Approximation Algorithms for Active Sequential Hypothesis Testing

03/07/2021 ∙ by Kyra Gan, et al. ∙ 0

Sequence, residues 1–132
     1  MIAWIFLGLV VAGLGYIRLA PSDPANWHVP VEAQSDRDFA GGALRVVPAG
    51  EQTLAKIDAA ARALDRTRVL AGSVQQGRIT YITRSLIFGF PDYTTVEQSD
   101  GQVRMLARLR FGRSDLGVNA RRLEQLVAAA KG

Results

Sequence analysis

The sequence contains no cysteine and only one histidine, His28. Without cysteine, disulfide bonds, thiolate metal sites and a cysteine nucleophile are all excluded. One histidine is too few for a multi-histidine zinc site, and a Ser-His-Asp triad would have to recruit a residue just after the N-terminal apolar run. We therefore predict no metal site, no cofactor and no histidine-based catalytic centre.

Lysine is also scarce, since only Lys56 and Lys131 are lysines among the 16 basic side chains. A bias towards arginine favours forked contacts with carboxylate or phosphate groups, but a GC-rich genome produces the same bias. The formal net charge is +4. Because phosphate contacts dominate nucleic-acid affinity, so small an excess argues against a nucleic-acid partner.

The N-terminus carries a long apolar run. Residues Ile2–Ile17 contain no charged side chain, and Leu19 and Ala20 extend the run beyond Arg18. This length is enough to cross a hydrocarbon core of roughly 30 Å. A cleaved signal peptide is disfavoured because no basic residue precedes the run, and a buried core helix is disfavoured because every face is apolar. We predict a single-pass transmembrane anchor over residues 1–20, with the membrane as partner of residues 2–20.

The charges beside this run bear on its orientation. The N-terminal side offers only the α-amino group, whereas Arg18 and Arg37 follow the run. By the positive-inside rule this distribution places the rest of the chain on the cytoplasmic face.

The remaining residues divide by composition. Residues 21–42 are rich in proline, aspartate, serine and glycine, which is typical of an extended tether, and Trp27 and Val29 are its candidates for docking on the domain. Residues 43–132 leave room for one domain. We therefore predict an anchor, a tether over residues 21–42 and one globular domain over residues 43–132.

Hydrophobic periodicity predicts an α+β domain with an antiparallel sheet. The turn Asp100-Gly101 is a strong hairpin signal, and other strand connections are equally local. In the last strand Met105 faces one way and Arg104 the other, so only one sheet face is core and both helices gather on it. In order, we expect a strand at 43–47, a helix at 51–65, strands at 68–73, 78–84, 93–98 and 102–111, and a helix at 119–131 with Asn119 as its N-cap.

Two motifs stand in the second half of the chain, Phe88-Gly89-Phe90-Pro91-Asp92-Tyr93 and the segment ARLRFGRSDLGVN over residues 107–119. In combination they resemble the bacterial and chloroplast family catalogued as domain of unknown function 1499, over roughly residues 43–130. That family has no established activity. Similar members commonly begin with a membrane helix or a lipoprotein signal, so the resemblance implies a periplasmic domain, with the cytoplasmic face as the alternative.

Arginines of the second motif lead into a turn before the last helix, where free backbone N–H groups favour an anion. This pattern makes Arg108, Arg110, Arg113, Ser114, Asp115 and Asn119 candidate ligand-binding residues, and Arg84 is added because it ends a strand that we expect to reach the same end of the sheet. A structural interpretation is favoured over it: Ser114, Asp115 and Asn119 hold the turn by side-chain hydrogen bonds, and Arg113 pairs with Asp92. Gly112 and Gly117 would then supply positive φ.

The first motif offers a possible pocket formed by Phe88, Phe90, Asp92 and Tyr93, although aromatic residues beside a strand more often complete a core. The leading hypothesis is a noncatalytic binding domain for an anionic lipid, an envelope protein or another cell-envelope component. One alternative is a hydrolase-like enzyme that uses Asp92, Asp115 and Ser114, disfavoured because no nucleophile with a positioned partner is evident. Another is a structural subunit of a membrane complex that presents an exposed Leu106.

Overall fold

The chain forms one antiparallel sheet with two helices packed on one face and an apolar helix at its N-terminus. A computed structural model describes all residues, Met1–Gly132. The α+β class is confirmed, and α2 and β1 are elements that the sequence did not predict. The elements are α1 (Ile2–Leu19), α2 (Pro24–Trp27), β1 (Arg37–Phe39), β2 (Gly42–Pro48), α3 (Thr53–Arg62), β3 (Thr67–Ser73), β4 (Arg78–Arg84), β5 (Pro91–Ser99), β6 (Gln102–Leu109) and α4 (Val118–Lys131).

In the problem of active sequential hypotheses testing (ASHT), a learner seeks to identify the true hypothesis h^* from among a set of hypotheses H. The learner is given a set of actions and knows the outcome distribution of any action under any true hypothesis. While repeatedly playing the entire set of actions suffices to identify h^*, a cost is incurred with each action. Thus, given a target error δ>0, the goal is to find the minimal cost policy for sequentially selecting actions that identify h^* with probability at least 1 - δ. This paper provides the first approximation algorithms for ASHT, under two types of adaptivity. First, a policy is partially adaptive if it fixes a sequence of actions in advance and adaptively decides when to terminate and what hypothesis to return. Under partial adaptivity, we provide an O(s^-1(1+log_1/δ|H|)log (s^-1|H| log |H|))-approximation algorithm, where s is a natural separation parameter between the hypotheses. Second, a policy is fully adaptive if action selection is allowed to depend on previous outcomes. Under full adaptivity, we provide an O(s^-1log (|H|/δ)log |H|)-approximation algorithm. We numerically investigate the performance of our algorithms using both synthetic and real-world data, showing that our algorithms outperform a previously proposed heuristic policy.



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